Wild Birds Trafficked Through Solomon Islands

By Shannon Liao
Shannon Liao
Shannon Liao
Shannon Liao is a native New Yorker who attended Vassar College and the Bronx High School of Science. She writes business and tech news and is an aspiring novelist.
July 18, 2012 Updated: October 1, 2015
Epoch Times Photo
Thousands of Cardinal Lories and other native Solomon Islands birds were exported through falsely claiming them as captive-bred. (Courtesy of TRAFFIC)

Over 68,000 wild birds were illegally trafficked on the Solomon Islands between 2000 and 2010 under the guise of captive-breeding, says a new study from TRAFFIC, a global animal trade monitoring group.

The Solomon Islands would need large commercial breeding facilities to house the thousands of breeding pairs for the number of birds its exporting to Southeast Asian nations, the study says. However, the islands do not have the necessary facilities TRAFFIC reported in 2006. 

Therefore, the new study concluded that large numbers of Solomon Islands native wild-caught birds, mainly cockatoos and parrots, have been laundered into the global wildlife trade by calling them captive-bred.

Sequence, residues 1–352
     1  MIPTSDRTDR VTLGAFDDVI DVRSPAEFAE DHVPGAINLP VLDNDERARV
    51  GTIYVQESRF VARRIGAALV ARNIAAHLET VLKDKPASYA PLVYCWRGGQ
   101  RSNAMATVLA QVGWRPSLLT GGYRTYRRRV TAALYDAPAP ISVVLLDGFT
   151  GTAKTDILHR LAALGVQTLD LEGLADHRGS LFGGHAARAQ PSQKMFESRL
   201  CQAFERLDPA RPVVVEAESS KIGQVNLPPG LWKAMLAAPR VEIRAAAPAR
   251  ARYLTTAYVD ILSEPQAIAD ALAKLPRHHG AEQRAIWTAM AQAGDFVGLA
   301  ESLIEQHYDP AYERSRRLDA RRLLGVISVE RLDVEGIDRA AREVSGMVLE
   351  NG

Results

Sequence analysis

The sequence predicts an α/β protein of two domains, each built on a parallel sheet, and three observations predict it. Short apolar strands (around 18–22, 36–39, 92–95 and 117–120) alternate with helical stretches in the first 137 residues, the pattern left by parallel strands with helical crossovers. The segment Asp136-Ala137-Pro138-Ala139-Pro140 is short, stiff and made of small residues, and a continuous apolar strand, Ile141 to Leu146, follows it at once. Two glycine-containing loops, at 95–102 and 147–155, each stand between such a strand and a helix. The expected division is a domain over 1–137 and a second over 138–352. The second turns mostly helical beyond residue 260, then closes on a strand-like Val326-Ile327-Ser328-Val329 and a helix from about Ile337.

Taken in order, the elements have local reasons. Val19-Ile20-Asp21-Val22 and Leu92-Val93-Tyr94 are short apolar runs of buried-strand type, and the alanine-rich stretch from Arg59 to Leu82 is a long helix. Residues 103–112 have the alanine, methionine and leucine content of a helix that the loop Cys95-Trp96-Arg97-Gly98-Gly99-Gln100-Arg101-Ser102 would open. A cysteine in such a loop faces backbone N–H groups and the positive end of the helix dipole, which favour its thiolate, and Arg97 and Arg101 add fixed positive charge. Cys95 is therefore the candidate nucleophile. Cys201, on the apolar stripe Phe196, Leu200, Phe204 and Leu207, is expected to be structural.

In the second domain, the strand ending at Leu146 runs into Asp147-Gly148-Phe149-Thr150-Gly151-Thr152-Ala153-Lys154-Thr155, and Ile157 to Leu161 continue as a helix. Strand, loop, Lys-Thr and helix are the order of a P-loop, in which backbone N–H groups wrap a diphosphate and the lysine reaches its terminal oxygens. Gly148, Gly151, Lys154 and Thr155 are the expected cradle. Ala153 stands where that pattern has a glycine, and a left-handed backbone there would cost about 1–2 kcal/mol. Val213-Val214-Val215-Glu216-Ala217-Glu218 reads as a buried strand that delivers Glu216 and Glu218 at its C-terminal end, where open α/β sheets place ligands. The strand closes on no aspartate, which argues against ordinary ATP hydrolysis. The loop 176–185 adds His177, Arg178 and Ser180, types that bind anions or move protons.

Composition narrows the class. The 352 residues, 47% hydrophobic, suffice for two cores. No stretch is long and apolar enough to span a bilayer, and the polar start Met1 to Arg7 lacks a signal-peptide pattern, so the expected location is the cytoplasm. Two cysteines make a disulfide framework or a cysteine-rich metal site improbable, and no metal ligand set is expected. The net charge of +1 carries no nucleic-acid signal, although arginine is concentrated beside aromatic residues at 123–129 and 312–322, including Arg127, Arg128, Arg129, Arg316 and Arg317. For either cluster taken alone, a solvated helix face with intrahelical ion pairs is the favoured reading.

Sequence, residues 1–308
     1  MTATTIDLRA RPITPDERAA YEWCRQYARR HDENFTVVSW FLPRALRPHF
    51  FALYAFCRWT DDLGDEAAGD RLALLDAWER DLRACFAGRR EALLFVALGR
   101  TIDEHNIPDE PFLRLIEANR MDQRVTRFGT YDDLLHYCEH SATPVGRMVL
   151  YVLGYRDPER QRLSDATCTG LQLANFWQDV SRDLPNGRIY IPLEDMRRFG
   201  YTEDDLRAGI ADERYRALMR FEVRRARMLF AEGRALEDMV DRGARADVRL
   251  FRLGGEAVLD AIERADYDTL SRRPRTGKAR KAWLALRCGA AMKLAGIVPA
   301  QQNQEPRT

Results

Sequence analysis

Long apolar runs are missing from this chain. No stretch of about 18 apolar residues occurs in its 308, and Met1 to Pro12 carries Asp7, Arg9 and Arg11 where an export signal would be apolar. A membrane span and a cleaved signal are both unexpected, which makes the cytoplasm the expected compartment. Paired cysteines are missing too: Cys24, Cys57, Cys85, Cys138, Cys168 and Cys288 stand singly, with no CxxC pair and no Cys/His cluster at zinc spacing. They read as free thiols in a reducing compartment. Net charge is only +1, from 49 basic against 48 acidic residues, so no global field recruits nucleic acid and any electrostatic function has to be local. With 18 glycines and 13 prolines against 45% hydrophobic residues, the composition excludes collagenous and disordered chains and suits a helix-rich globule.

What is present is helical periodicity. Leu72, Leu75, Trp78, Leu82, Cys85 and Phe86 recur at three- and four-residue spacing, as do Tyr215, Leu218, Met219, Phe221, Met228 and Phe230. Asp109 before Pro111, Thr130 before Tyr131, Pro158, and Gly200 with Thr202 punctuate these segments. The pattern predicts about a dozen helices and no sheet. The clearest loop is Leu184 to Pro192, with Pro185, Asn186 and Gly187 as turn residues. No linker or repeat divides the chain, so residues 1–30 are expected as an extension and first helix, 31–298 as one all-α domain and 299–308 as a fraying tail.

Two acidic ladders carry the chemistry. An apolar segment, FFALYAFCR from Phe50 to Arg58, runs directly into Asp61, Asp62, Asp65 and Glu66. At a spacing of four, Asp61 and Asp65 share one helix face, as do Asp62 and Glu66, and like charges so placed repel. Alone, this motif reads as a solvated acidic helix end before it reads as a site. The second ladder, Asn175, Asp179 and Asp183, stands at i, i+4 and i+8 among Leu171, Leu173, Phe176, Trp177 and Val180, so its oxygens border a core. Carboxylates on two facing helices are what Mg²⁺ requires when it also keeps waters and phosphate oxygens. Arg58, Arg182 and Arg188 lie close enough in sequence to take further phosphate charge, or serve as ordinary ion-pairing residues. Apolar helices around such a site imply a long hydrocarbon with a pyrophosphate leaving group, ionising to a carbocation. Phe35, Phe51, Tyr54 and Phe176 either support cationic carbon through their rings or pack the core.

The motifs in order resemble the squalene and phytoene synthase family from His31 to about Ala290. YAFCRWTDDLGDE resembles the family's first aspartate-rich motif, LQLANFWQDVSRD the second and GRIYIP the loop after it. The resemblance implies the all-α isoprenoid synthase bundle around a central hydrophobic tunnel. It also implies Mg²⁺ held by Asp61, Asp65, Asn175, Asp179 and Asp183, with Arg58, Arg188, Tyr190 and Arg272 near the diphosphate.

Chris R. Shepherd, deputy regional director of TRAFFIC Southeast Asia, said in a press release that such an act “has all the hallmarks of a scam to get around international trade regulations.”

Most of the birds declared as captive-bred are from the wild, and the inappropriate treatment of the birds has grave implications for their health, the study determined.

Seventy-seven percent of the birds were non-native, but there isn’t documentation of them being exported to the islands. Singapore and Malaysia account for 93 percent of the birds imported from the islands. 

The TRAFFIC study also found that in 2005, 76 birds-of-paradise were reportedly captive-bred in the islands, although birds of paradise are renowned for being creatures of the wild.

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Shannon Liao
Shannon Liao is a native New Yorker who attended Vassar College and the Bronx High School of Science. She writes business and tech news and is an aspiring novelist.